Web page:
What Does Rera Mean in a Sleep Study

RERA stands for Respiratory Effort Related Arousal, which is a term commonly used in sleep medicine and sleep studies. It refers to a specific type of breathing abnormality that can disrupt a person’s sleep and cause arousals or awakenings throughout the night. RERAs are often associated with partial upper airway obstructions, which means that the airway is not completely blocked but still restricts the flow of air during breathing.

During a sleep study, RERAs are typically measured and recorded using various diagnostic tools such as nasal pressure sensors, breathing belts, or other respiratory monitoring devices. These measurements help sleep specialists evaluate the quality and continuity of a person’s sleep by identifying abnormal respiratory events.

RERAs are different from apneas and hypopneas, which are also breathing abnormalities commonly observed in sleep studies. While apneas refer to complete pauses in breathing lasting at least 10 seconds, and hypopneas involve partial reductions in airflow, RERAs are characterized by an arousal from sleep that is associated with an increased effort to breathe. This means that a person may experience repetitive episodes of increased respiratory effort throughout the night, leading to fragmented sleep and daytime sleepiness.


Q: What are the symptoms of RERAs?
A: The symptoms of RERAs can vary from person to person. Some common signs include snoring, gasping or choking during sleep, frequent awakenings, excessive daytime sleepiness, morning headaches, and difficulty concentrating.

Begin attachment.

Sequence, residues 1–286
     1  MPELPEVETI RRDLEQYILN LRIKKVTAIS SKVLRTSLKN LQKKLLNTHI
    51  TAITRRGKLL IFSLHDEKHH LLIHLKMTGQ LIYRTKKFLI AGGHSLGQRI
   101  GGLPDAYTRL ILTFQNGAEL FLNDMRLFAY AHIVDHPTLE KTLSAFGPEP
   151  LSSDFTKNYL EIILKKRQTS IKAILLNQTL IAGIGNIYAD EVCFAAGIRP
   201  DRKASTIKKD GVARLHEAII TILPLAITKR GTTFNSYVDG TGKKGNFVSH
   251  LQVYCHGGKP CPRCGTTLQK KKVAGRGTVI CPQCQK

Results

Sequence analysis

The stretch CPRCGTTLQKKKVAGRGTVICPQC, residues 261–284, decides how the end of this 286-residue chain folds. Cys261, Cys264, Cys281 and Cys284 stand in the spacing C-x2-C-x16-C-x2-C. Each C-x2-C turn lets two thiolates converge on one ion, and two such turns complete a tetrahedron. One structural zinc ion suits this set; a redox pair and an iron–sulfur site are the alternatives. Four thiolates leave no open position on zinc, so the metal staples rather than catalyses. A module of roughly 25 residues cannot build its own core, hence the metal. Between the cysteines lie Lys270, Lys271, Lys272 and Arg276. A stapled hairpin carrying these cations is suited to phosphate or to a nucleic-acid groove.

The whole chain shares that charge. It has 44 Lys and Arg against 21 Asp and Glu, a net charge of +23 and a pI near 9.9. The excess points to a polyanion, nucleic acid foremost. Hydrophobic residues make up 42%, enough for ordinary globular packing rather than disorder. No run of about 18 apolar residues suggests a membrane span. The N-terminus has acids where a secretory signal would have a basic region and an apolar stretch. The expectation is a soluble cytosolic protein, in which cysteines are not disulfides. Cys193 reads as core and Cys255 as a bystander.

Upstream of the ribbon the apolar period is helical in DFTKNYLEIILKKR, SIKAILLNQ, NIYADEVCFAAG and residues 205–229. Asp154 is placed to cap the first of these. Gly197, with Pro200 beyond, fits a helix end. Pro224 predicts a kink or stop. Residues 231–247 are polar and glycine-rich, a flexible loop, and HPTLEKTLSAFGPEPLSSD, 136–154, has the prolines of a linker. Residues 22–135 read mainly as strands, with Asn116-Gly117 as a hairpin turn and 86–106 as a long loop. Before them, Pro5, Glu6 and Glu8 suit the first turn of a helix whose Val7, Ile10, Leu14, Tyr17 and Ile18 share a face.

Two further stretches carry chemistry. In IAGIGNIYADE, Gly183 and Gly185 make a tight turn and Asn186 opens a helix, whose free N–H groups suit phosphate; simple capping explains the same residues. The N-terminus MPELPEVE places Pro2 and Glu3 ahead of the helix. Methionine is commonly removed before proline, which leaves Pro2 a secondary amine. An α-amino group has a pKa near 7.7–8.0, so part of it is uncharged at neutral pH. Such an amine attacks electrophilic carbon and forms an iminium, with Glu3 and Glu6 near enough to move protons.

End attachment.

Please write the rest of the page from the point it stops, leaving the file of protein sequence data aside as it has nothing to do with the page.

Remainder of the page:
Q: What causes RERAs?
A: RERAs are mainly caused by partial obstructions in the upper airway, similar to those seen in sleep apnea. Factors such as obesity, nasal congestion, large tonsils, and certain anatomical abnormalities can contribute to the development of RERAs.

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Q: How are RERAs treated?
A: Treatment for RERAs often depends on the underlying cause. In some cases, lifestyle changes such as weight loss, avoiding alcohol and sedatives, and sleeping in a different position can help alleviate symptoms. Continuous Positive Airway Pressure (CPAP) therapy may be recommended if the RERAs are severe or if they coexist with other sleep disorders.

Q: Can RERAs be cured?
A: Since RERAs are often related to structural or anatomical factors, they may not be fully cured in some individuals. However, appropriate treatment can effectively manage the symptoms and improve sleep quality.

Q: How can I know if I have RERAs?
A: If you suspect that you may have RERAs or any other sleep disorder, it is best to consult a sleep specialist. They can evaluate your symptoms, medical history, and may recommend a sleep study to accurately diagnose and determine the most appropriate treatment plan for you.